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Greece — so far — avoids one debt stigma

There will be no payouts to investors holding bond insurance contracts on Greek debt, a committee of bankers and investors ruled Thursday.

The decision by a panel of the International Swaps and Derivatives Association keeps the country — and the euro region — clear so far of the stigma of a “credit event” that would trigger billions of dollars in payments under the insurance contracts known as credit default swaps.

But the ISDA panel cautioned that the country’s situation is “still evolving” and said that a future review may have a different conclusion.

The ruling does “not affect the right or ability of market participants to submit further questions” relating to Greece’s situation, the ISDA said in a statement. “ Nor is it an expression of the . . . view as to whether a Credit Event could occur at a later date.”

ISDA, a group of more than 800 banks and financial firms around the world, judges the terms of credit default swap contracts, relying on 15-member committees of bankers and investors to determine whether payouts are warranted. Thursday’s decision was unanimous, ISDA reported.

The review of Greece’s situation could have important implications for the euro region — and the world market — for credit default contracts.

Greece is in the midst of restructuring its privately held bonds, which will involve losses of more than 50 percent for investors while reducing the country’s debts by more than $130 billion. The restructuring is part of a larger international rescue plan for the country, and to achieve the needed savings, Greece may have to force some bondholders to participate. The aim has been to keep the program voluntary — partly to avoid a negative ruling from ISDA.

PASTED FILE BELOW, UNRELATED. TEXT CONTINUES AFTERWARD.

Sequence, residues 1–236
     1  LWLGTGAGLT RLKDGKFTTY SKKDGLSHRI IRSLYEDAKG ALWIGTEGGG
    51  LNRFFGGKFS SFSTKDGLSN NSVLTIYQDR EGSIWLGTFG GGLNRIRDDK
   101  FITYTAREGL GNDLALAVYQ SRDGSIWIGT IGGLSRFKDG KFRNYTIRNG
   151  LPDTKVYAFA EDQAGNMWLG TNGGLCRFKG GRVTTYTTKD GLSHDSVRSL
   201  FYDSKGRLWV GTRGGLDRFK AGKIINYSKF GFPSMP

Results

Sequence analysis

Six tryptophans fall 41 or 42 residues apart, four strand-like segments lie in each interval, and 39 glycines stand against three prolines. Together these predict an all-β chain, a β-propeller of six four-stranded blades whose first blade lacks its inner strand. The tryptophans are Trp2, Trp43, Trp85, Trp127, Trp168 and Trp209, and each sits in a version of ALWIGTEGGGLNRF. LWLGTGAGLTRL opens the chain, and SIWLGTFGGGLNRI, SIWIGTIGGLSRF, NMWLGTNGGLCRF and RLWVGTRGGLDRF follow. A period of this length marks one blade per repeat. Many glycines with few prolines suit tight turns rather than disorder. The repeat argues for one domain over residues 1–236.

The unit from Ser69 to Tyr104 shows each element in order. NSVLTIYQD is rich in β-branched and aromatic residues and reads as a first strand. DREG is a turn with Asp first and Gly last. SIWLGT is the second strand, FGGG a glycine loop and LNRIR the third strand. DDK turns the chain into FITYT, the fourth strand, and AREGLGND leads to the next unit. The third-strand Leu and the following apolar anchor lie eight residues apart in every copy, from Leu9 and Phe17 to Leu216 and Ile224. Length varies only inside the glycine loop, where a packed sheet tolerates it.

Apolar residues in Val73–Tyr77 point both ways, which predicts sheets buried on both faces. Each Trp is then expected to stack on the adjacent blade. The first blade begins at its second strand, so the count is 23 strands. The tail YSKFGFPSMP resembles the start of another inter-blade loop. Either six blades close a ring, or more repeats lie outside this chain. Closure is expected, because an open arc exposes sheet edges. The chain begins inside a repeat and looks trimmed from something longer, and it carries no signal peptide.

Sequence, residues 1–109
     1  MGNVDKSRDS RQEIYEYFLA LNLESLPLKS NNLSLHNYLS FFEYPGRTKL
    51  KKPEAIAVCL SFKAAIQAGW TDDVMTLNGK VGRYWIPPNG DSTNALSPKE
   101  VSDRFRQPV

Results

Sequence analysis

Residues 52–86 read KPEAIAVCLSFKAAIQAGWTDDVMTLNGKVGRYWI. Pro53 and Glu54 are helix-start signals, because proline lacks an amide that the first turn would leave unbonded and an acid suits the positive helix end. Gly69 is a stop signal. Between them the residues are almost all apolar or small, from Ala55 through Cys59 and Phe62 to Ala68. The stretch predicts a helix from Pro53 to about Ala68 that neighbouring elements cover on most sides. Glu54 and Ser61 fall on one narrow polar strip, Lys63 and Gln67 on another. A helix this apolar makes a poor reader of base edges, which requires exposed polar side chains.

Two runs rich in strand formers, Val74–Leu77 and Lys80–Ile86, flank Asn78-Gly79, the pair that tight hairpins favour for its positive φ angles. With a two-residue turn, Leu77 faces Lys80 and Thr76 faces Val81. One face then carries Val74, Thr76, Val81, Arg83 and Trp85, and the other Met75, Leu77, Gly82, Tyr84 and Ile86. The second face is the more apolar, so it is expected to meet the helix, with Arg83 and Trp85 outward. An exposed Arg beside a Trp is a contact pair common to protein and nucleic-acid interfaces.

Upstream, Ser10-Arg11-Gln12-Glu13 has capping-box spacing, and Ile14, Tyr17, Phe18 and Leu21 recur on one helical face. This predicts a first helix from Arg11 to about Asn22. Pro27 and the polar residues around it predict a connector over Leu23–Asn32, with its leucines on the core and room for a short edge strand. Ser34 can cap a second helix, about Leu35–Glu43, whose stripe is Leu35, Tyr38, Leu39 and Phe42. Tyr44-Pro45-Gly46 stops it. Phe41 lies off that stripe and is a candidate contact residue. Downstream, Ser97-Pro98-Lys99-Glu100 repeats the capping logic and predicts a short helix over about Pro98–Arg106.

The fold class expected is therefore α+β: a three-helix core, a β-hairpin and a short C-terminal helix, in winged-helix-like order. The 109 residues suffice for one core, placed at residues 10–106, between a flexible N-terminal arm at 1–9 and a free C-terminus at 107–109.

If the credit default swaps are triggered, Greece itself would not have to make the payouts. The contracts are traded between banks and other private parties who buy and sell protection against a bond default.

But it would be a first-ever event in the euro zone and could raise concerns about losses in other countries.

There is a competing worry, as well. Credit default swaps are an important financial tool, allowing investors to protect themselves against corporate or sovereign defaults. Those who sell the contracts can profit from the premiums. The market for the contracts is in the trillions of dollars worldwide, but its stability depends on whether investors trust that the ISDA panels will trigger payouts when appropriate.

The Thursday decision addressed a narrow and technical question — whether aspects of the Greek restructuring deal have already damaged the interests of investors, even though the plan has not been completed.



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